A vision for the next four years

New IIHF Council assembles for first meeting


Player safety, development in Asia, governance structure, and the international hockey calendar are the main points of focus for IIHF President René Fasel and the IIHF Council. Photo: Andre Ringuette / HHOF-IIHF Images

ZURICH – If you're goal is to develop ice hockey around the world, four years doesn’t seem as long a time as for most people. So for the newly-elected IIHF Council, which held its first meeting last week in Zurich, a four-year window of opportunity means that it’s time to go to work.

IIHF.com sat down with IIHF President René Fasel following the Council meeting. Fasel is entering his sixth term as IIHF President and will try to deliver on a campaign platform based on four main objectives: continued efforts to improve player safety, focused development in Asia, a revised governance structure, and an improved ice hockey calendar.

The IIHF Council, the federation’s executive body, is the first step in setting the policies that will achieve these goals. But with a membership comprising over 70 countries at different levels of development, Fasel and the rest of the IIHF Council have their work cut out for them in the next four years. 

How was the first meeting of the new IIHF Council?

Excellent, I was impressed by the fact that the council came in to Zurich and was ready to get started right away. We immediately went to work discussing the upcoming season and our goals for the next four years.

What were the main topics of discussion in the new council meeting?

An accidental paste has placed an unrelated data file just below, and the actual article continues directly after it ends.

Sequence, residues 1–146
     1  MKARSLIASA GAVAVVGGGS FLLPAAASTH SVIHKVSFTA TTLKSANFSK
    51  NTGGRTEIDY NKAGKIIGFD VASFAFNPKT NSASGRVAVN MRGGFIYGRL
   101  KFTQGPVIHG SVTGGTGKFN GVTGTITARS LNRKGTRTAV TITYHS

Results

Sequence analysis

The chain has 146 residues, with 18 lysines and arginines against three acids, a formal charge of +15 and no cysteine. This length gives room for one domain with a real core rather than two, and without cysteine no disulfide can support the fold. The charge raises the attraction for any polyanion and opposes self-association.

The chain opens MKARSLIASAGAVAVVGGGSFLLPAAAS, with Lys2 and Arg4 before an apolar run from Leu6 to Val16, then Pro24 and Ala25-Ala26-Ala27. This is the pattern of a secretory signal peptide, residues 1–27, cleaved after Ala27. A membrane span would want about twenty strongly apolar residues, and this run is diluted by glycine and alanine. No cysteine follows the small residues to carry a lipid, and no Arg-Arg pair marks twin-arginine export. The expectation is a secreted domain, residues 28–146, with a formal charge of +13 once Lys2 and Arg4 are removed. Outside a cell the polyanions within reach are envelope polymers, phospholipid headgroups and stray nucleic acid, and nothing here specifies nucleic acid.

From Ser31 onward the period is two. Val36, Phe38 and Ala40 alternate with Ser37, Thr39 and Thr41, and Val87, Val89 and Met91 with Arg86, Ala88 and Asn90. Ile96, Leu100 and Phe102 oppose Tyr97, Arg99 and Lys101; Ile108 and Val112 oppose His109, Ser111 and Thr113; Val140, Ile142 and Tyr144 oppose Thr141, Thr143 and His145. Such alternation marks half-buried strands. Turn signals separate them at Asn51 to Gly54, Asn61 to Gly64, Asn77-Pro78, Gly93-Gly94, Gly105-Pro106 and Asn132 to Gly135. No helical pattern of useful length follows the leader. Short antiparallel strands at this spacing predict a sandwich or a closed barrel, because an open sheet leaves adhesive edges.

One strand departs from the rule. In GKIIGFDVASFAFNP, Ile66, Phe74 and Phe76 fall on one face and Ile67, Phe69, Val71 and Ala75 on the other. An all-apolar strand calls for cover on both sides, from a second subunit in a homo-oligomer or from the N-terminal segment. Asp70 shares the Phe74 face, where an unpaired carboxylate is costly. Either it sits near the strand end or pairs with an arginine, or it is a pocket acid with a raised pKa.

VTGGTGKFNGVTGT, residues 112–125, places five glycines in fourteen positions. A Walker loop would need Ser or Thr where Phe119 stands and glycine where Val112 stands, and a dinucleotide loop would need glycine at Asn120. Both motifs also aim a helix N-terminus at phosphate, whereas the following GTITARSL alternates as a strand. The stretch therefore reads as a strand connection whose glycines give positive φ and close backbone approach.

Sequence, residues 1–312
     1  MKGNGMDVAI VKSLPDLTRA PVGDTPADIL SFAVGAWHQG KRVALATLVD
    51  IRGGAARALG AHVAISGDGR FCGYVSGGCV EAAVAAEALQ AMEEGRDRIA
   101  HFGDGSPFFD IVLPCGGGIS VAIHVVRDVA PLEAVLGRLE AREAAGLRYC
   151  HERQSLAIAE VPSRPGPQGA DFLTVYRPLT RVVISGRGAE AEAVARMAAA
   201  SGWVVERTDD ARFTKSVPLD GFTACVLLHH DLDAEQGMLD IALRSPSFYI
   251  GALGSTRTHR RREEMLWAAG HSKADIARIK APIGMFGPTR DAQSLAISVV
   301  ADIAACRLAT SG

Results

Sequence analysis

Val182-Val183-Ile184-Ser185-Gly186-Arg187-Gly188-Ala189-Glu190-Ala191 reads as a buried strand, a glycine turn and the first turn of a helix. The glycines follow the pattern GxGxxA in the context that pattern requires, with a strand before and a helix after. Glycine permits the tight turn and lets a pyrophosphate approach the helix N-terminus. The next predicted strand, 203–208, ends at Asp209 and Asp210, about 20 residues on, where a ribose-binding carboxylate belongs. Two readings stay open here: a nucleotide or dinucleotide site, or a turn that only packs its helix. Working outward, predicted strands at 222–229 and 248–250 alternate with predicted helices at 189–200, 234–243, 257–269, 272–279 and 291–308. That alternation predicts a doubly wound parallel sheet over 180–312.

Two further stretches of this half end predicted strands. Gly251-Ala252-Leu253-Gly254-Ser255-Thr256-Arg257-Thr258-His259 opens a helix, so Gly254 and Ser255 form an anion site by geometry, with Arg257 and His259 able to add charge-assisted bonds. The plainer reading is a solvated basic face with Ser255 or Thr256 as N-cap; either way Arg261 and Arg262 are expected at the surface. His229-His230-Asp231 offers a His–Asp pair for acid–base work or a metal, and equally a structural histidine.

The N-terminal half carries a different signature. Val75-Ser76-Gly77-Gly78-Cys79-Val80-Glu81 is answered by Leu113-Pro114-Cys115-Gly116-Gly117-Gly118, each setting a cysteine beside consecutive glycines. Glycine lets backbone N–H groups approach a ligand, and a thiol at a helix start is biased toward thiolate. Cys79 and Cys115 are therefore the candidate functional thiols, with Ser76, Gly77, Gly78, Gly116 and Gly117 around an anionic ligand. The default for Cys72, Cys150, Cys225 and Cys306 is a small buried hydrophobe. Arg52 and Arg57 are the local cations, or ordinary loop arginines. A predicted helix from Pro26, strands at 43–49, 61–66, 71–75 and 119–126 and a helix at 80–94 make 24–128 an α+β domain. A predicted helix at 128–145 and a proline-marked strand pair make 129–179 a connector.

We needed to determine the new structure of the IIHF Committees and also to assign chairmen to each committee. There was some lively conversation about who should chair which committee, which was encouraging to see as it shows that our new Council is enthusiastic about finding new ways to improve the sport. 

What were your first impressions of the group? 

This is a dynamic group. We have a great mix of young and old members and I think that this will help to bring in new ideas and energy while still benefiting from the years of experience from our more senior IIHF Council members. 

There are five new Council members voted in this year, what kind of benefits do you feel the IIHF can draw from having so many fresh faces at the executive level? 

The biggest benefit I see right now is the fact that we have great experience coming from all levels of the sport.

We have true international hockey legends like Franz Reindl and Petr Briza. Franz will be involved in many big ice hockey events this year, he is serving as the president of Team Europe at the World Cup of Hockey and also as CEO of the 2017 IIHF World Championship Organizing Committee.  Petr helped to put together one the best organized IIHF World Championship tournaments in recent memory in 2015. He is also very active with European club hockey and so is a voice we need to have. 

Marta Zawadzka has many years of experience as an ice hockey referee and also brings tons of event experience, not just in hockey but other sports as well. Sergej Gontcharov was a key player in bringing the IIHF World Championship to Belarus for the first time in history, and even though he is our youngest Council member his experience at the executive level is second to none.  

And of course we are so very fortunate to be able to count Ron DeGregorio among our Council. He has guided USA Hockey as president for so many years and knows a thing or two about development. His experience, beginning as a player then as a coach, owner, and administrator, is invaluable to the IIHF.

Have there been any “hot topics” discussed early on? 

The committee structure discussions had some fun moments (laughs), but everyone is on the same page now, and we have now made the call out to our federations to submit candidates to fill in the committee positions.